Mamma Mia Auditions

IMG_6098
Mamma Mia at Diamond Head Theatre: July 15 – August 14, 2016

I wanted to be in Mamma Mia so much; I started taking dance classes at Diamond Head Theatre almost a year ago now.  I was hoping I could curb my directional dyslexia by being exposed to dance moves more, or at least make my dance auditions suck less (boy, do I have stories). Even before this, around three years ago now, I started working on my singing with my voice teacher Leischen Moore, in Tacoma, Wa. When we started, I had told her how much I wanted to do Mamma Mia, and so we worked on Mamma Mia music. I was going to do this thing, even if it gave me a nervous breakdown – and it almost did.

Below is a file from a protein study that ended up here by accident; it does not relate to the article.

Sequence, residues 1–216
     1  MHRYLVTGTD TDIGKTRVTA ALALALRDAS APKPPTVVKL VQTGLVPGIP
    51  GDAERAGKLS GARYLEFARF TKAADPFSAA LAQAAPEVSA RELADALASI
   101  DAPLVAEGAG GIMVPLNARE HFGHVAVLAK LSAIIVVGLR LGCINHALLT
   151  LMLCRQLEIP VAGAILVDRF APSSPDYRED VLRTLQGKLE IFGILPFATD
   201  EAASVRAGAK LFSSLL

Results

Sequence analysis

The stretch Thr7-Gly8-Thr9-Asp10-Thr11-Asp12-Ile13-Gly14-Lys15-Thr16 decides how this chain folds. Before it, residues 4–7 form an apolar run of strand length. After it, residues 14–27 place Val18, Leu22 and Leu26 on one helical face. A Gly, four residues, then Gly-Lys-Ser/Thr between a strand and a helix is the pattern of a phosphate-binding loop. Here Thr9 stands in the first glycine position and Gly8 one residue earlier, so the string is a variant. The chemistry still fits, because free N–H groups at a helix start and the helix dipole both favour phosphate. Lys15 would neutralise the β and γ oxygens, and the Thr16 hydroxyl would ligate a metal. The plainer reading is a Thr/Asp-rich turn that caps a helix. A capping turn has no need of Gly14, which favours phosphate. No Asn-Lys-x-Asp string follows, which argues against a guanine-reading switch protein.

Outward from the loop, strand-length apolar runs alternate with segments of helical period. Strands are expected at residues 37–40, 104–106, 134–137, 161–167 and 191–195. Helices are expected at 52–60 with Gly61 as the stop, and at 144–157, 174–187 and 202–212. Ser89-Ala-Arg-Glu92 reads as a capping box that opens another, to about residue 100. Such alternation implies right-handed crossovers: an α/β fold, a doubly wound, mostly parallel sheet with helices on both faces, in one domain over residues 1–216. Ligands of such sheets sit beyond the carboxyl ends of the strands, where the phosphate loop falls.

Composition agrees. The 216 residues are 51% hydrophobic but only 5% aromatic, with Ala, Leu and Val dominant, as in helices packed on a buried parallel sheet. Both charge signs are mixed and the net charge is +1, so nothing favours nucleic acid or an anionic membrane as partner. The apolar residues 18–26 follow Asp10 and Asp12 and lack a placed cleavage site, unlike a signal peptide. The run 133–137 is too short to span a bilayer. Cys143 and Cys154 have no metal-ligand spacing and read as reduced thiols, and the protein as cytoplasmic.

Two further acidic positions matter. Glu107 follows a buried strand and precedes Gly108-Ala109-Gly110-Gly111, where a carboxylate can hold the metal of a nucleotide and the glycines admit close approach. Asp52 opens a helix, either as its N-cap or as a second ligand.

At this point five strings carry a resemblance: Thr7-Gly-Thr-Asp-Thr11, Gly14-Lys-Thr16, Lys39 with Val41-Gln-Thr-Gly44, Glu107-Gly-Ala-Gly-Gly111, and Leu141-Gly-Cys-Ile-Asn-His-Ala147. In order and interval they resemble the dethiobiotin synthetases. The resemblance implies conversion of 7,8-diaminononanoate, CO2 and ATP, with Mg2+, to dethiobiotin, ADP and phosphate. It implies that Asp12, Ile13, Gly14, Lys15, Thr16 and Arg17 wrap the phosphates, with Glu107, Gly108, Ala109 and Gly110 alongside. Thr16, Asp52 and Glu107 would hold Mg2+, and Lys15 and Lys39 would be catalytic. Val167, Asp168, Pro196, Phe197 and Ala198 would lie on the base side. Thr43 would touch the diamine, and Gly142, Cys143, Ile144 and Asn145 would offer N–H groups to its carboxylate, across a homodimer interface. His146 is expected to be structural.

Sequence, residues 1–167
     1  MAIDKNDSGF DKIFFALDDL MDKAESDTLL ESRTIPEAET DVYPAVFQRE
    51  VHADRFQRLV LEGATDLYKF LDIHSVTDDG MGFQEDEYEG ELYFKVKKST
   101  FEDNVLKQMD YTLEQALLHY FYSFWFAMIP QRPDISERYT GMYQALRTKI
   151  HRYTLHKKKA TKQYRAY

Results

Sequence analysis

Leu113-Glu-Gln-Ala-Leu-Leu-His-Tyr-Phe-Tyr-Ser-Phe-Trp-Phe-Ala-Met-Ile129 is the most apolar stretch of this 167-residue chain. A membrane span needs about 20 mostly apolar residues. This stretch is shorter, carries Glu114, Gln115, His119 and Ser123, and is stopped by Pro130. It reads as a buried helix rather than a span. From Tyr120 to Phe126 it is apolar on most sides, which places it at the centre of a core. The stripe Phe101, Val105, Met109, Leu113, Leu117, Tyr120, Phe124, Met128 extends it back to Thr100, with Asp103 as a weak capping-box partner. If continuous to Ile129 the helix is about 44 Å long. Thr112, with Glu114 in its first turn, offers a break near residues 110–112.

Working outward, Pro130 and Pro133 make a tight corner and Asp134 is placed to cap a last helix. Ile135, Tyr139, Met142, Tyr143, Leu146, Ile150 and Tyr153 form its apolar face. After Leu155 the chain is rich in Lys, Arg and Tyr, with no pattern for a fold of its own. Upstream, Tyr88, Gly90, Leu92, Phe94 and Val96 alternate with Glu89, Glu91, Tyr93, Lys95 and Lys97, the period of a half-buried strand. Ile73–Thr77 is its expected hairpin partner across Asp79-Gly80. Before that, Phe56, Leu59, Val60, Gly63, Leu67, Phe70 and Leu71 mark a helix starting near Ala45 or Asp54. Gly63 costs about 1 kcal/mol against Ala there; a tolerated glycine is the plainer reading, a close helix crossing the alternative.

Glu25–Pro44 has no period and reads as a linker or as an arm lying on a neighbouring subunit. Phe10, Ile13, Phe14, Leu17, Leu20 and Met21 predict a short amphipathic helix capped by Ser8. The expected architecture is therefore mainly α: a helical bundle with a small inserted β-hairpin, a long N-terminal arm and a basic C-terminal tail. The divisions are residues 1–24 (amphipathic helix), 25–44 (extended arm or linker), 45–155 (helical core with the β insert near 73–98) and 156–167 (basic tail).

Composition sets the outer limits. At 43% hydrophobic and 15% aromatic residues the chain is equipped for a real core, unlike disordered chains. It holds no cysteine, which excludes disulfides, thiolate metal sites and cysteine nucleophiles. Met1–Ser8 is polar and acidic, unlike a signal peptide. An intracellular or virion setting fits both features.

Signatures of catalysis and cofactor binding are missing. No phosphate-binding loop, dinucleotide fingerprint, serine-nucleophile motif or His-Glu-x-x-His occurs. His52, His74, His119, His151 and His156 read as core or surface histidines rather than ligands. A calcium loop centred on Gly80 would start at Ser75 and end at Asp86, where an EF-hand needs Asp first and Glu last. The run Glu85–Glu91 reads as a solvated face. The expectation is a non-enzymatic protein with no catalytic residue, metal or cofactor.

I went to the audition and, to my immense surprise, I got a callback for Rosie in Mamma Mia, a role I desperately wanted. However, I botched the callback because of my fear – stupid – and then I botched the ensemble dance callback because of dyslexia, my brain just cannot seem to take in directional information quickly. I do not think there are enough dance classes in the world to combat it.
After several personally, painful auditions, I got the call:
Thank you, but no thank you.
Sick and emotionally spent; I was angry at myself for not doing better even after all the investment in myself and my craft.
Then 10 minutes later I got another call:
So sorry, we can’t use you as Rosie, but would love to offer you a place in the ensemble.
IMG_6103These phone calls threw me off balance; I was stunned but grateful, so grateful, and I cried more after the second, good-news call. Aren’t we humans insanely funny?